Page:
European Countries Lining Up to Debt Default

Tuesday, March 13, 2012
By Paul Martin

By: John Mauldin
Market Oracle
Mar 13, 2012

Today’s Outside the Box comes to us from Grant Williams, who covers the world from his perch in Singapore, in his always instructive and always entertaining Things That Make You Go Hmmm… I felt for him right at the outset today, because (like yours truly) he was trying really hard … not to talk about Greece.And so, he announced, he was going to talk about Spain and about oil; but then, before he even made it through his opening paragraph, there was this:

“… ahhhh NUTS! They did it AGAIN…. ok… the Greek restructuring. It’s not as though I could ignore it, now, is it? … Oil can wait until next time…. no doubt it’ll be an issue then too.”

But he’s determined to talk about Spain … so let’s talk about Spain. But … (What is this? Why is Greece such a strange attractor?) on his way to the pain that falls mostly on the plain in Spain, Grant just can’t help sharing with us this wry factoid:

“… some 2,400 years after 10 Greek municipalities became the first sovereign entities to default when they stiffed the temple of Delos, birthplace of Apollo.”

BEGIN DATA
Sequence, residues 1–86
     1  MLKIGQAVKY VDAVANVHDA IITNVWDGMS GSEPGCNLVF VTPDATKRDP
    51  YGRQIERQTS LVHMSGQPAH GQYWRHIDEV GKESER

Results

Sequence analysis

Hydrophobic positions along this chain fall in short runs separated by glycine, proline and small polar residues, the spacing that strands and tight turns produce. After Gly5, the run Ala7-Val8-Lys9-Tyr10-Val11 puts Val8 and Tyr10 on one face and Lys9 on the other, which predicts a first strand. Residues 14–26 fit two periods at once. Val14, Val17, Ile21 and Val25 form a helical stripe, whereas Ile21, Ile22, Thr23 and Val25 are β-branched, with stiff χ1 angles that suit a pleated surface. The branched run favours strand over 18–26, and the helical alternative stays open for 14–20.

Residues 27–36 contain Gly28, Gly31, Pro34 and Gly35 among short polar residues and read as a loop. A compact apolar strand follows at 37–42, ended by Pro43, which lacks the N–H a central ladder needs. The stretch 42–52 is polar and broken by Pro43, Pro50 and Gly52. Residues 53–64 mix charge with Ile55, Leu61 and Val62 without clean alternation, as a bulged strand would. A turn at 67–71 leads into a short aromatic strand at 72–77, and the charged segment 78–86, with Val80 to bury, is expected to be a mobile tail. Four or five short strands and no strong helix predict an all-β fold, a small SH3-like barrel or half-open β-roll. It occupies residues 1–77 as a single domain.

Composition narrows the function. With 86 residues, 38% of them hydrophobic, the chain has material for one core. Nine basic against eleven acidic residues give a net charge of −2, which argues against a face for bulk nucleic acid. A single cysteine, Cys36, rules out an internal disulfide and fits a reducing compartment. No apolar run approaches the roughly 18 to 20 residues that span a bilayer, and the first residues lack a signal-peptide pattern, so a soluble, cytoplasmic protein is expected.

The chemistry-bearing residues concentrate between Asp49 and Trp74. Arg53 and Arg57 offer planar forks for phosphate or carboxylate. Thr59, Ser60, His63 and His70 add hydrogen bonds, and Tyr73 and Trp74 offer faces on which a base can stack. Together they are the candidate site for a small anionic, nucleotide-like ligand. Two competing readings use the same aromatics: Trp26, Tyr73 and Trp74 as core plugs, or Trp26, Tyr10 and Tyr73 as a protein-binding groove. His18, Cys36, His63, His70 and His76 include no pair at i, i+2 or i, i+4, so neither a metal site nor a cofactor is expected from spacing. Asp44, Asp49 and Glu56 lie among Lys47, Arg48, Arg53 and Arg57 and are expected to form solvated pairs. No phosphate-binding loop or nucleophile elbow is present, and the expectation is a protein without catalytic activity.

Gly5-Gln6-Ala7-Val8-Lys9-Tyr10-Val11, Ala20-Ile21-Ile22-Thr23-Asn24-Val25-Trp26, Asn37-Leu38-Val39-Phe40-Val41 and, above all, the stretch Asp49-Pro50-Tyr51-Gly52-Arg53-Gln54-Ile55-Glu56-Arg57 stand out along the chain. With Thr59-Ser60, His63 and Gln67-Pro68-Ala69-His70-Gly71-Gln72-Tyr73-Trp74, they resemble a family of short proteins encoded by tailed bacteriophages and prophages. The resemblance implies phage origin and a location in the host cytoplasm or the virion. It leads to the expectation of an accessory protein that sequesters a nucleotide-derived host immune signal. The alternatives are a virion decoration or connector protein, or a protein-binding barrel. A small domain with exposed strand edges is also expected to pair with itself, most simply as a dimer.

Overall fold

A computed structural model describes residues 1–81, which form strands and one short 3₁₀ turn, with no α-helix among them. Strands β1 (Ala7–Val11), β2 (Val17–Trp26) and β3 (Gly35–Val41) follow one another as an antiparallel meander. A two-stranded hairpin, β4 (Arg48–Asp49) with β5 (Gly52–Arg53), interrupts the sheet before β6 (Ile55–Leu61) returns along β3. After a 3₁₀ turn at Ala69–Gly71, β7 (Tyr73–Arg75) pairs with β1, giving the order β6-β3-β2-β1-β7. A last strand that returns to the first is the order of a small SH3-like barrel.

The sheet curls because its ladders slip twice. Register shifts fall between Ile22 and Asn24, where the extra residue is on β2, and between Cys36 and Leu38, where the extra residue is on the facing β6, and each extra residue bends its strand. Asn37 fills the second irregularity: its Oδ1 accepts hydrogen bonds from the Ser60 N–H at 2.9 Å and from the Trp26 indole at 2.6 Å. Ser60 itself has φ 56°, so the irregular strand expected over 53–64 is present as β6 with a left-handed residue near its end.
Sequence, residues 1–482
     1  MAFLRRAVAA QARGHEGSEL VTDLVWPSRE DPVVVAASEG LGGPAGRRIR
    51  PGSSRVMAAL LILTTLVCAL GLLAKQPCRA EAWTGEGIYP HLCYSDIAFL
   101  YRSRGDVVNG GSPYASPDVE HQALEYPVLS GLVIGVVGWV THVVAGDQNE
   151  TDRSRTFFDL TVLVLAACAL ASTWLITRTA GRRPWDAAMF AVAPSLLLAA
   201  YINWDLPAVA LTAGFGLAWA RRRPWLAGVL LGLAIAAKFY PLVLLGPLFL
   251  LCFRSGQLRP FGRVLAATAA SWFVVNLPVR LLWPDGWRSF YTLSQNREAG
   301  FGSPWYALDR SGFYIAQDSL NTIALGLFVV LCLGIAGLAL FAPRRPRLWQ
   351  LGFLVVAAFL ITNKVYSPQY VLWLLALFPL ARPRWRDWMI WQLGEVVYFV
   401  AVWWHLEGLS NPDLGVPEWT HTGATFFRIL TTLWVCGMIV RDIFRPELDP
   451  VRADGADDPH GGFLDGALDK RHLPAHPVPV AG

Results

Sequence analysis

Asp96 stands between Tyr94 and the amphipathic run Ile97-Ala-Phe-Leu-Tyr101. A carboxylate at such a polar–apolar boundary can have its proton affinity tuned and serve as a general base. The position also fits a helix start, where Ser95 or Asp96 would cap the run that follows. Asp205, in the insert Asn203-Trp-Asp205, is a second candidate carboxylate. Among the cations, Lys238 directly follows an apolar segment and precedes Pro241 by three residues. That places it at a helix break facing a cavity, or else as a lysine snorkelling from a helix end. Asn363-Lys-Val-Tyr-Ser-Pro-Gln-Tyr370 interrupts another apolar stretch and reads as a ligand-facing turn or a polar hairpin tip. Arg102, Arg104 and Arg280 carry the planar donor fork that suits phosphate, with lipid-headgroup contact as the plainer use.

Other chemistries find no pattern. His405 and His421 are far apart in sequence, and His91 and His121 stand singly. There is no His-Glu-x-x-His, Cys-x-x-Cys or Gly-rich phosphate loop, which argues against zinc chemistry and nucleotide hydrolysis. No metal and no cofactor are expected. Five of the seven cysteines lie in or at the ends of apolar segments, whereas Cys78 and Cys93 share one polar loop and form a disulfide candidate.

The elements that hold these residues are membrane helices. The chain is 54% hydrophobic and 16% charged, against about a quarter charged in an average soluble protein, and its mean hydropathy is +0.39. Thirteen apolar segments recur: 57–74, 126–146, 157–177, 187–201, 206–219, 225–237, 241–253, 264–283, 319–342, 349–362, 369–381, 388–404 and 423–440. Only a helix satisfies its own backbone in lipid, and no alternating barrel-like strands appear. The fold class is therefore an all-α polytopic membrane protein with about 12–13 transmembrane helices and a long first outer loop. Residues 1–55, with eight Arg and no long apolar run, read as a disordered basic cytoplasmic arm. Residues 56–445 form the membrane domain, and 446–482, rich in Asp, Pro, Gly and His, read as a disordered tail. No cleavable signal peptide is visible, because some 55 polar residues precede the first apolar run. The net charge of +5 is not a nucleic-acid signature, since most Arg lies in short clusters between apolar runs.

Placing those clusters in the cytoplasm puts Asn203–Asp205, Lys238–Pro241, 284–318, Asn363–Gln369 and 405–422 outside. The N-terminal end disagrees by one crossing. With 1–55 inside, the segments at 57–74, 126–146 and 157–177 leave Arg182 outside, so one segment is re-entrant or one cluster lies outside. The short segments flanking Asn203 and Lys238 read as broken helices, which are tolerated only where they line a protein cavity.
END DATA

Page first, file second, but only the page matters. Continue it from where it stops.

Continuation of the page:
But Spain, Grant! Yes:

“Spain’s GDP of $1.4 trillion, somewhat surprisingly perhaps, puts it just behind oil-rich Russia and Canada and people-rich India. Spain is a big country. Spain matters.

“Spain is now about to become the country everyone cares about all over again and, when the world’s focus returns to the Iberian Peninsula, it will realise that the large, grey shape in the corner of the room was a Spanish elephant.”

Spain’s public debt-to-GDP ratio is a relatively appealing 68%, Grant notes (that’s just a little over half of Italy’s, at 120%), but here’s the rub:

“As manageable as Spain’s public debt would appear to be at face value, her private debt is an altogether different story – standing at a staggering 227% of GDP and, according to McKinsey, Spanish corporations hold twice as much debt relative to their output as US companies and, in comparison to Germany, that number goes up to six times….

The Rest…HERE

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